Nearly four in 10 older entrepreneurs face gaps in the support they need to launch or develop their businesses, according to a new CERIC-funded study on The Status of Senior Entrepreneurship in Canada. The research report from the Sheridan Centre for Elder Research found that 37% of the respondents aged 50+ had challenges in accessing financial or government support and mentors.

The eight-month study used online surveys, in-depth interviews and focus groups to investigate the experiences, needs and interests of 180 senior entrepreneurs around career guidance and support. The study comes at a time when the number of Canadians 50+ represents 37.8% of the total Canadian population as of 2017 and continues to rise. Meanwhile, a 2012 CIBC study found that individuals 50+ make up the fast-growing demographic for start-up founders in Canada, accounting for approximately 30% of the total. Despite these numbers, there has been limited previous research on the “seniorpreneur” trend.

Sheridan’s research explored the differentiated paths that senior entrepreneurs take. The top three reasons entrepreneurs surveyed started a business after 50 were:

  1. Interest in continuing to use their skills,
  2. Needing or wanting to generate a new source of income, and
  3. Wanting greater ownership and control of their work and lifestyle.

The report notes that when asked to rate the importance of the statement “I had to leave my previous employer/career (for any reason),” 48% of respondents identified this as “not applicable,” suggesting that for nearly half of the respondents it wasn’t a push from a previous position that prompted the journey into entrepreneurship but, rather, a pull from a new opportunity.

Sectors and type of business represented by the respondents also varied widely. A quarter of respondents described their business as “consulting,” but other areas represented included technology, social entrepreneurship, communications, arts/design, healthcare, education, community/social services, finance/banking, manufacturing, entertainment, e-commerce, food industry, energy/environment, agriculture, real estate, legal, marketing/branding, pet services, tourism, transportation, fitness and retail. These businesses conducted their operations both online and face-to-face. A key finding was that more than half of respondents (58%) had launched, or actively explored, another business prior to their current business, suggesting the transition to entrepreneur is very much a journey.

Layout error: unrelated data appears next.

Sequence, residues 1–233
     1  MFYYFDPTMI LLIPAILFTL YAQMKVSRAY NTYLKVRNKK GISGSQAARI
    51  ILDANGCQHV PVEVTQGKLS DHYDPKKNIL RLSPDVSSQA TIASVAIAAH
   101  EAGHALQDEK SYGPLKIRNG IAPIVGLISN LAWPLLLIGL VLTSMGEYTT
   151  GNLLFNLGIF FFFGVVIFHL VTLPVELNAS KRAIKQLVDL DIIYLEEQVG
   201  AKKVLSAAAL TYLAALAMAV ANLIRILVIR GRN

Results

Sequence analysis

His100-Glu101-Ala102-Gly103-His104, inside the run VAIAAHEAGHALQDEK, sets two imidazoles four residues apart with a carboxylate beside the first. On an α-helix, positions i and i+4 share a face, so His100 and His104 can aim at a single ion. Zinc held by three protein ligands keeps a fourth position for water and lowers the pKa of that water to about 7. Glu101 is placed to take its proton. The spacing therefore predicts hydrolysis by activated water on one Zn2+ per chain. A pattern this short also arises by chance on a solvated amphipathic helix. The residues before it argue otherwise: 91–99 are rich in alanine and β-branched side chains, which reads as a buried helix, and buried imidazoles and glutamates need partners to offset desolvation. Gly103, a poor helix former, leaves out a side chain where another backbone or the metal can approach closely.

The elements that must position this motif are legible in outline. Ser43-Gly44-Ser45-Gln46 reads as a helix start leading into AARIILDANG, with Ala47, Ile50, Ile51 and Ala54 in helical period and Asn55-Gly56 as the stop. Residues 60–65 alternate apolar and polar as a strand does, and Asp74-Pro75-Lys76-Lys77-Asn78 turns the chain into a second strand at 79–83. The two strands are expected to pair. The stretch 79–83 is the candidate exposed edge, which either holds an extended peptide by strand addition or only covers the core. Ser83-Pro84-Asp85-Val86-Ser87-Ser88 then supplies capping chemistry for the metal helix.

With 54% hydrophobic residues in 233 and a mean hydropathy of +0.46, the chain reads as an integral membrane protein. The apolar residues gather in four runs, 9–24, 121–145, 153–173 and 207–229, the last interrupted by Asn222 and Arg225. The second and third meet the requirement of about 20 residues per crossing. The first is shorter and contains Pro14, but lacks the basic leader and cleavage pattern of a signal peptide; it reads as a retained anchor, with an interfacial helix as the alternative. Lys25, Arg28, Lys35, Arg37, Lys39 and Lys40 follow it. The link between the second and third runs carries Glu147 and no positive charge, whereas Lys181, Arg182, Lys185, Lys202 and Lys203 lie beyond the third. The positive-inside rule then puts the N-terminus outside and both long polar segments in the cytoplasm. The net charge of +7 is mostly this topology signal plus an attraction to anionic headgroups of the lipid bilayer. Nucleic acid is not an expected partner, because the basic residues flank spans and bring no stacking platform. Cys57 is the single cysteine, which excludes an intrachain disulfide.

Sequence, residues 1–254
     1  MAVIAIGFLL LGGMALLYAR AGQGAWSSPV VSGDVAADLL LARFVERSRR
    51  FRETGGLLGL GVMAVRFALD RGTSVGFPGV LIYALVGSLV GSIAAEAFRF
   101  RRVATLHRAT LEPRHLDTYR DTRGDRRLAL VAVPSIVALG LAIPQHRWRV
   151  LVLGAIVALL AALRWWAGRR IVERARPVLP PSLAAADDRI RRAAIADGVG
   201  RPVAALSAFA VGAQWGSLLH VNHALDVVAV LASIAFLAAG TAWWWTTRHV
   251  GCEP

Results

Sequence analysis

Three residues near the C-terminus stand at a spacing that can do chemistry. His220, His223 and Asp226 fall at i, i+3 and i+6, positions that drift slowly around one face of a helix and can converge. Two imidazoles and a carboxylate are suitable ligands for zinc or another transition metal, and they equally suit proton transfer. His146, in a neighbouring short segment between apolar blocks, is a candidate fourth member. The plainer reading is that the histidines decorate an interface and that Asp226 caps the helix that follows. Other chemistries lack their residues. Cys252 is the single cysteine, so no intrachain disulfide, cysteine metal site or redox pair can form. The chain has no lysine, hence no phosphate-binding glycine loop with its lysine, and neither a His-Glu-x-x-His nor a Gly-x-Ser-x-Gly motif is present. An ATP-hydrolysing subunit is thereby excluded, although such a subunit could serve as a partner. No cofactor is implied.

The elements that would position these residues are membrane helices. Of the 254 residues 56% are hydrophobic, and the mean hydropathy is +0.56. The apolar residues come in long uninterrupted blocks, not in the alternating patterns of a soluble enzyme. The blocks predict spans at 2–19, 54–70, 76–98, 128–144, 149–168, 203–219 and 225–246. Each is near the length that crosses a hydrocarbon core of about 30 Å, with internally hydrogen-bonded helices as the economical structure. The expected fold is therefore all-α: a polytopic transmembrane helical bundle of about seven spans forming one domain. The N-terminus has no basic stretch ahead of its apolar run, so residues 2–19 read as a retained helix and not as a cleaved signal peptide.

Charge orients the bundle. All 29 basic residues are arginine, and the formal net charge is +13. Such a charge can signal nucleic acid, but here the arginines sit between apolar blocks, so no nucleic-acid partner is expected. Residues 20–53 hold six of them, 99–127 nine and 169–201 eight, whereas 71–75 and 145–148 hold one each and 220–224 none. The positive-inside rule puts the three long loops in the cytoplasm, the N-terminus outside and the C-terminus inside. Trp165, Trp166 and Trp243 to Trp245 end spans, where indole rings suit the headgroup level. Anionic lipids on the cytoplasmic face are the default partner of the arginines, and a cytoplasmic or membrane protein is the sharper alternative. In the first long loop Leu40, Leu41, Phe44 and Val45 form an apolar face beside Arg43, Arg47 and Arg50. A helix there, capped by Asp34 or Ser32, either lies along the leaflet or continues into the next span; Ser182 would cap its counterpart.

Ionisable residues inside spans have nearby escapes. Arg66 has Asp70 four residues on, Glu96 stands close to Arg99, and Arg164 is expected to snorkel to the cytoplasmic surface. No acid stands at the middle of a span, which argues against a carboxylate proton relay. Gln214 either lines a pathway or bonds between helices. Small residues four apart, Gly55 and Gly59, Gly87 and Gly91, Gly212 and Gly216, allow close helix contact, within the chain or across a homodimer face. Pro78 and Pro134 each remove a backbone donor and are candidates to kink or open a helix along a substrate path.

The top service providers that senior entrepreneurs engaged with to assist them were small business enterprise centres, banks, chambers of commerce and economic development offices. The study highlights that most individuals reported accessing multiple service providers as part of their search for support. Researchers also flag the respondents who reported that they accessed no services or were completely on their own, speaking to the unique needs of senior entrepreneurs with locating or identifying the best source of assistance.

Respondents, when asked to select which factors most contributed to their success, indicated that what helped them the most was: